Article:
Good core strength helps a player avoid getting injured too often or too easily by building muscle strength and resilience. For the same reason, it also helps injured players recover from injuries faster.
Why Soccer Players Need To Have Highly-Toned Bodies
Besides core strength, lean, toned musculature is vital to high performance in a top-tier soccer match. This is why soccer players are much leaner than athletes in power sports like American football and heavyweight boxers, wrestlers, and weightlifters, who tend to be bigger and have bulkier muscles.
Aside from professional athletes, soccer players are much leaner than the average population. Studies in the UK have shown elite male soccer players to have as little as 6% body fat, compared to the 25-30% norm of the average UK male.
Lean muscle mass is essential to develop the fast-twitch muscles that soccer players rely on to accelerate and decelerate quickly and rapidly change direction as they move on the field. These are the same muscles sprinters rely on to propel themselves into quick bursts of speed.
However, developing fast-twitch muscles in soccer is even more complicated than for sprinters. Sprinters do not have to change direction, slow down or face off against opponents on the track. In fact, professional soccer players have to constantly train and repeat drills to keep fast-twitch muscles in the best shape possible throughout their careers.
They also maintain carefully planned protein-rich diets to stay lean and powerful.
Strength vs. Fitness
So far, we have considered strength in opposition to weakness (which some see in soccer players). But you can also oppose weakness with fitness, as opposed to strength. By this measure, soccer players are incredibly fit athletes.
One objective measure of fitness to consider is the amount of oxygen consumed relative to body mass every second. Known as a VO2 Max score, this suggests the amount of oxygen your muscles draw per second and works as an index for the intensity of the tasks they perform.
VO2 Max scores top out at around 35-40 for the average male. Top soccer players, on the other hand, score between 60-70 by this measure. This suggests that they are performing significantly higher-intensity tasks, hardly an indication of weakness!
How Do Soccer Players Compare to Other Athletes?
As we’ve seen, soccer players are among the fittest athletes in the world. However, the specific nature of their sport means they do not possess as much brute strength and power as some other sportspersons.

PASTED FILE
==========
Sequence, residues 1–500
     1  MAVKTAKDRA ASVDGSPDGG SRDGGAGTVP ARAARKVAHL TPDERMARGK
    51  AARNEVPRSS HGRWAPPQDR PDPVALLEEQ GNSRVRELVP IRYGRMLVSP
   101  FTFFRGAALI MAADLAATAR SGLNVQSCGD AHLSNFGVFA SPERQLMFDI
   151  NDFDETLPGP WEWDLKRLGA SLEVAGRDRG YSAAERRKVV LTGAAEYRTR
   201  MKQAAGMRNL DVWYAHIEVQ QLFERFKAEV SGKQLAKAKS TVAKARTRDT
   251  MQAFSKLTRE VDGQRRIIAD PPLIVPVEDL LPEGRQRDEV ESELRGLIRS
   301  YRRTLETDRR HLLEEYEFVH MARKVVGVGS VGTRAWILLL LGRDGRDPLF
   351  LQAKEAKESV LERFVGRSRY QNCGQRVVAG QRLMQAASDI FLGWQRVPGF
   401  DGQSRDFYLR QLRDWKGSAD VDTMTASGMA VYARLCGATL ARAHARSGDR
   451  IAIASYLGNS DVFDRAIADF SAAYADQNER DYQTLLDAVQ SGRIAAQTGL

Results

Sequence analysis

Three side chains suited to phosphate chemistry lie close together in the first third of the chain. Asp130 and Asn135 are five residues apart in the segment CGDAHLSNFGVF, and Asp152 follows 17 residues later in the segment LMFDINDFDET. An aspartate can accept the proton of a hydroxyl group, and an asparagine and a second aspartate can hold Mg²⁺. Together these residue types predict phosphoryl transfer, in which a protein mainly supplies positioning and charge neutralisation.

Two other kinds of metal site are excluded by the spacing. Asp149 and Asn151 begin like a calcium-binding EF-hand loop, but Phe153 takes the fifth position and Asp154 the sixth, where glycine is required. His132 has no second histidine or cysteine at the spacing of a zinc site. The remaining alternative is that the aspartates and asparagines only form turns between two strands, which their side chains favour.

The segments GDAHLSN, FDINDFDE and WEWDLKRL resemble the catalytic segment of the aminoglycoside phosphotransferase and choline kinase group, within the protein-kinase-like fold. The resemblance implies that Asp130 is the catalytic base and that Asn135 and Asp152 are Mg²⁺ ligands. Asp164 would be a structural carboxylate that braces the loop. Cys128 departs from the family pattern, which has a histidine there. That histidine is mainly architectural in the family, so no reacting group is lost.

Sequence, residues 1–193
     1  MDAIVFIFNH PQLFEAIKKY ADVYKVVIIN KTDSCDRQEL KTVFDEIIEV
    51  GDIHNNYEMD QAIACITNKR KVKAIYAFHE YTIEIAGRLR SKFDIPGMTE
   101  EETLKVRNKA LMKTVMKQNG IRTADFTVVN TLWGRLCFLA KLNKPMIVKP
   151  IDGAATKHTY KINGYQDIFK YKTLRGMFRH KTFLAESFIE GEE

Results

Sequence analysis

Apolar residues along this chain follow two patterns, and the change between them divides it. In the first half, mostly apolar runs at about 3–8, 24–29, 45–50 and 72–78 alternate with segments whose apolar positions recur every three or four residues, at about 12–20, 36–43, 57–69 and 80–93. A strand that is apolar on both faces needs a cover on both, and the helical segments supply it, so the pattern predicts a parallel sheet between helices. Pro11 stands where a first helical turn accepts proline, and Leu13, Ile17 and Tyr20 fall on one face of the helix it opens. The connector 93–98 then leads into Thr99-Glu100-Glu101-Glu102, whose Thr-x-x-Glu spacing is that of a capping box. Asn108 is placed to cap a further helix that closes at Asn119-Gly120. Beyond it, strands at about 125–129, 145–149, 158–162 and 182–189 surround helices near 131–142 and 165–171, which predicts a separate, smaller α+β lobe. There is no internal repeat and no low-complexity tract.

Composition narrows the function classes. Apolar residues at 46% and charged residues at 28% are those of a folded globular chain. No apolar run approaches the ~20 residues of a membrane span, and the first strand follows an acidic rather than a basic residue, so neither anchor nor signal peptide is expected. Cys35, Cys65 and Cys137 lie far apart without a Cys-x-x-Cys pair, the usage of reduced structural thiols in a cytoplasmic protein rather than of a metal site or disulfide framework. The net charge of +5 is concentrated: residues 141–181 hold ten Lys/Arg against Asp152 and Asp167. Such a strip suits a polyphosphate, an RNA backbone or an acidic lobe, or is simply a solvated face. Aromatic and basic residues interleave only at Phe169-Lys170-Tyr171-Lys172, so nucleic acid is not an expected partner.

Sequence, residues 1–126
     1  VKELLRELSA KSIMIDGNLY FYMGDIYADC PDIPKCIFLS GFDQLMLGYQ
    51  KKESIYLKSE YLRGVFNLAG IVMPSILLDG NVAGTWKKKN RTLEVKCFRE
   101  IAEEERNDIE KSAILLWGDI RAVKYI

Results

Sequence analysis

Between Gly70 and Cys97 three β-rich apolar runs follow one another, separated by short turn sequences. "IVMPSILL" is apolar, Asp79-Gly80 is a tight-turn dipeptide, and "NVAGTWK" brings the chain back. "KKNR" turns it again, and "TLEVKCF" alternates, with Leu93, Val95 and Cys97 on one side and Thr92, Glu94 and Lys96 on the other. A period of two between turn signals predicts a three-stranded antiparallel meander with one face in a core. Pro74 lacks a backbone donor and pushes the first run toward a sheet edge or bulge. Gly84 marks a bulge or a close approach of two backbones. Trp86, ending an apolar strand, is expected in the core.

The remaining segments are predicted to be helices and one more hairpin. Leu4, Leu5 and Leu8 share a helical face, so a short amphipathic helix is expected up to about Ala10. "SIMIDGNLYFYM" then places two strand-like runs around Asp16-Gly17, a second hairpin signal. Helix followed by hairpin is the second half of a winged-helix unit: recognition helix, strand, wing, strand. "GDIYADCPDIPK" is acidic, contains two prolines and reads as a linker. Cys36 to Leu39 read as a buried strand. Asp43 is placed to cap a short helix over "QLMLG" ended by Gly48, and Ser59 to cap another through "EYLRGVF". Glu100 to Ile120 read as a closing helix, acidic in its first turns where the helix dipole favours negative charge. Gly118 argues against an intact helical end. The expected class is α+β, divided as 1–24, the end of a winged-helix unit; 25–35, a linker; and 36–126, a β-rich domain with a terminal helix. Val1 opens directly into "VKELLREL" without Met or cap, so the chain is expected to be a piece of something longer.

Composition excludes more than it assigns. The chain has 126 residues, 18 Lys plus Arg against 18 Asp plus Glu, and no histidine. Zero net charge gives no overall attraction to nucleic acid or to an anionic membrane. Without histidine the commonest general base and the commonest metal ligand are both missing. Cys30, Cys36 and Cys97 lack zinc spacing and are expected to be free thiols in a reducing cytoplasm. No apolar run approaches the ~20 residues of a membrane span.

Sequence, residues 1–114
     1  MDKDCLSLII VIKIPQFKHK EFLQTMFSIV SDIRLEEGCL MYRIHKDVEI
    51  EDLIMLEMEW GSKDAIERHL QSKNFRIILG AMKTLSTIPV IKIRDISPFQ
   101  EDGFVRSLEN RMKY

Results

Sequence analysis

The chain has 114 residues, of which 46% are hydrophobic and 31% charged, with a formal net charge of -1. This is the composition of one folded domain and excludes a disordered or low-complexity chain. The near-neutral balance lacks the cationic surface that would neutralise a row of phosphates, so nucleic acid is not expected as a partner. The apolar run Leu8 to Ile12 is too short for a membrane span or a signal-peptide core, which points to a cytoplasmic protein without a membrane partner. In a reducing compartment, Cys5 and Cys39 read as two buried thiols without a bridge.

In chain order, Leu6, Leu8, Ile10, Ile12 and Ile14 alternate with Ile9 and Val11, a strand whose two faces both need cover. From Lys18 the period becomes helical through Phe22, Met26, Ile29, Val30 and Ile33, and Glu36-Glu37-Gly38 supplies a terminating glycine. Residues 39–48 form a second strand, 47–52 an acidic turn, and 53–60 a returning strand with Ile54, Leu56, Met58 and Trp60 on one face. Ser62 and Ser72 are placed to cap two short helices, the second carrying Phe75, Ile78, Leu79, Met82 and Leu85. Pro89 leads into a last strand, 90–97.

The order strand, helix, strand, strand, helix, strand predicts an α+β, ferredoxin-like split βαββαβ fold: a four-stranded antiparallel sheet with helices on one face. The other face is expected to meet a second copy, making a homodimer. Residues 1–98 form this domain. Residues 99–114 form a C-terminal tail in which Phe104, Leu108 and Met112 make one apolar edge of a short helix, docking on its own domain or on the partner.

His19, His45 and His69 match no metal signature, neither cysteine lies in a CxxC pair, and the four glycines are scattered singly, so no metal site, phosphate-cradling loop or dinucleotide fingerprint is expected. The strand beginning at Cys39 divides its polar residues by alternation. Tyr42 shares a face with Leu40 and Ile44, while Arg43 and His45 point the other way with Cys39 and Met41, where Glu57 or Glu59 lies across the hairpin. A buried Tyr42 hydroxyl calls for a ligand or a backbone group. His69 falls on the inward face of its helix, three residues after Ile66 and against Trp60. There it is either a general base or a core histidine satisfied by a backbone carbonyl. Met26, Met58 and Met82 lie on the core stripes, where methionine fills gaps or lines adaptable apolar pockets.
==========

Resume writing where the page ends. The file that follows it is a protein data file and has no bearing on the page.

Although there is no objective measure of how soccer players compare to other athletes, differences in physique between soccer players and players of other sports are telling.
Basketball players, for instance, are taller. Heavyweight boxers, powerlifters, and wrestlers in the top weight categories all possess more bulk and a more significant percentage of fat than body weight.
A survey of sports scientists working for the US Olympic Committee conducted by ESPN ranks soccer as the 10th most demanding sport. The experts on the panel rank each sport by ten specific measures to arrive at this conclusion.
- The ability to overcome fear
- Strategic and reactive ability
- Coordination capability, and
- The ability to absorb physical stress
On strength and power, soccer ranked well below sports like boxing, wrestling, and weightlifting. It even ranked lower than sports like American football, ice hockey, basketball, swimming, and many track disciplines.
However, it ranked highly on speed and endurance, demanded the most agility of any sport on the list, and was tied in the top place for strategic and reactive ability (with auto racing and ice hockey).
Boxing was deemed the most demanding sport overall, and many others, such as basketball and ice hockey, ranked higher than soccer. But even if we don’t consider it an objectively determined fact, soccer’s high rating means that top pros are likely to be anything but soft.
Soccer players may not be the biggest, tallest, or strongest athletes compared to sportspersons from disciplines that rely more on power, such as boxing, wrestling, and American Football. But they need to move faster for more sustained periods while simultaneously performing incredible feats of coordination.
The game’s features demand excellent core strength, speed, agility, and endurance. The impression that soccer players are weak is wrong. They are amongst the fittest professional athletes in the world today.
- Soccer Today: Soccer Players: Importance of Core Strength
- Perfect Soccer Skills: The Importance of Strength in Soccer
- Gizmodo: How Far Do You Run Playing Different Sports?
- Starter Soccer: Why Does My Ankle Hurt When I Play Soccer?
- Coach: How Fit is an Elite Footballer?
- Soccer Drill Book: Developing Soccer Speed – Fast Twitch Muscle
- ESPN: Degree of Difficulty: Sport Rankings